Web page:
- 4.1 Function. Tensioner units are used to apply vertical force to the top of the marine drilling riser to control its stresses and displacements. The units are normally located on the drilling vessel near the periphery of the drillfloor. They provide nearly constant axial tension to the riser while the floating drilling vessel moves vertically and laterally in response to the wind, waves and current.
- 4.2 Typical Design. Tensioner units use a hydraulic ram with a large volume, air-filled accumulator to maintain near constant pressure/tension on the line. One end of the line, which may be wire rope or chain, is attached at the tensioner and the other is attached to the outer barrel of the telescopic joint. Typically, a four-part line reeving system is used so that the piston stroke is equal to Vi of the vessel heave. The number and rating of tensioner units used will determine the total capacity of the tensioner system. The tension applied by each unit can be varied up to its design capacity by increasing or decreasing the applied air pressure. The tensioner system should be capable of providing sufficient tension based upon the maximum rated water depth, maximum expected mud weight, and other loadings determined from riser analyses.
Emerging designs for tensioner systems are described in Appendix C, Section C.l.
- 4.3 Selection Criteria. Some important considerations for designing an effective tensioner system are:
- The fleet angle. The idler sheaves should be placed so as to minimize the fleet angle. This maximizes the vertical component of tension, minimizes the horizontal component, and increases wireline life.
Because of the fleet angle, the vertical tension applied to the outer barrel of the telescopic joint is less than the tension supplied by the tensioner system. A reduction factor (see Section 3.3.2) should be used to reconcile these parameters.
- Wireline life. Wireline life is a function of many parameters including wire rope construction, sheave diameter, applied tension, operating circumstances relating to travel, etc. See API RP 9B.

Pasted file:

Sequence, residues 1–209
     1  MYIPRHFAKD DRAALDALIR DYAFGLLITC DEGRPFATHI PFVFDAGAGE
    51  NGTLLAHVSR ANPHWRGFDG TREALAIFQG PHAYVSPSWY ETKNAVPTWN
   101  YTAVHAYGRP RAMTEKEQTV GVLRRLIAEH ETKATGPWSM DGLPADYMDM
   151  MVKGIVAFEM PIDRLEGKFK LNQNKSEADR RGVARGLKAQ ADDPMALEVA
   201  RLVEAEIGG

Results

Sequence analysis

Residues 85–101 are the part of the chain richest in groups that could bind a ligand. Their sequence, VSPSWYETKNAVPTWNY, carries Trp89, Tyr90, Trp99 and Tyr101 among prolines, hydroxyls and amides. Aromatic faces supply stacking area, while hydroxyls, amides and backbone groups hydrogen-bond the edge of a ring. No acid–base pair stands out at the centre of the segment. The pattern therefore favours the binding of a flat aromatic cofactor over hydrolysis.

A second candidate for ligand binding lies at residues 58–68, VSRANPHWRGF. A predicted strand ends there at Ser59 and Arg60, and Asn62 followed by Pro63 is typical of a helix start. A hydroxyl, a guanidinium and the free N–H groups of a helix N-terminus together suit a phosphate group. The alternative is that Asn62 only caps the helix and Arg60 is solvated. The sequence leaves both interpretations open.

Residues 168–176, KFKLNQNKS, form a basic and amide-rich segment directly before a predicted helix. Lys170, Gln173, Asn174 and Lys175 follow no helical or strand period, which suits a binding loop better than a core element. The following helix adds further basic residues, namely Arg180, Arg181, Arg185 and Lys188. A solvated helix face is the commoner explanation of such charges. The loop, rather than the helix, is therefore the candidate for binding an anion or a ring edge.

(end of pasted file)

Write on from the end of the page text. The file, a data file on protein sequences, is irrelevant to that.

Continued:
- Accumulators and Air Pressure Vessels. Each tensioner unit should have an accumulator that is large enough to store a volume of hydraulic fluid greater than the cylinder volume. Large air pressure vessels will reduce pressure changes caused by the compression and expansion of the stored air as the tensioner strokes in and out.
- Fluid and air flow requirements. Properly sized lines will reduce tension variations caused by piping system pressure losses.
A list of hydraulic fluids compatible with the tensioner units should be specified by the tensioner manufacturer.
- Friction and Inertia losses. Seal friction, sheave friction, and inertia of sheaves, wire rope, tensioner rods, and pistons all contribute to variations in the wireline tension.
- Dynamic Tension Limit (DTL). Tensioner ratings are defined differently by various manufacturers. This document defines a dynamic tension limit as the maximum allowable pressure multiplied by the effective hydraulic area, divided by the number of line parts:
where PA = maximum allowable system operating pressure
Acyl= effective hydraulic area
NLp = number of line parts
All components in a riser system installation, including piping, should be designed for the maximum allowable working pressure. See ASME UG 125-136 for relief valve setting criteria.
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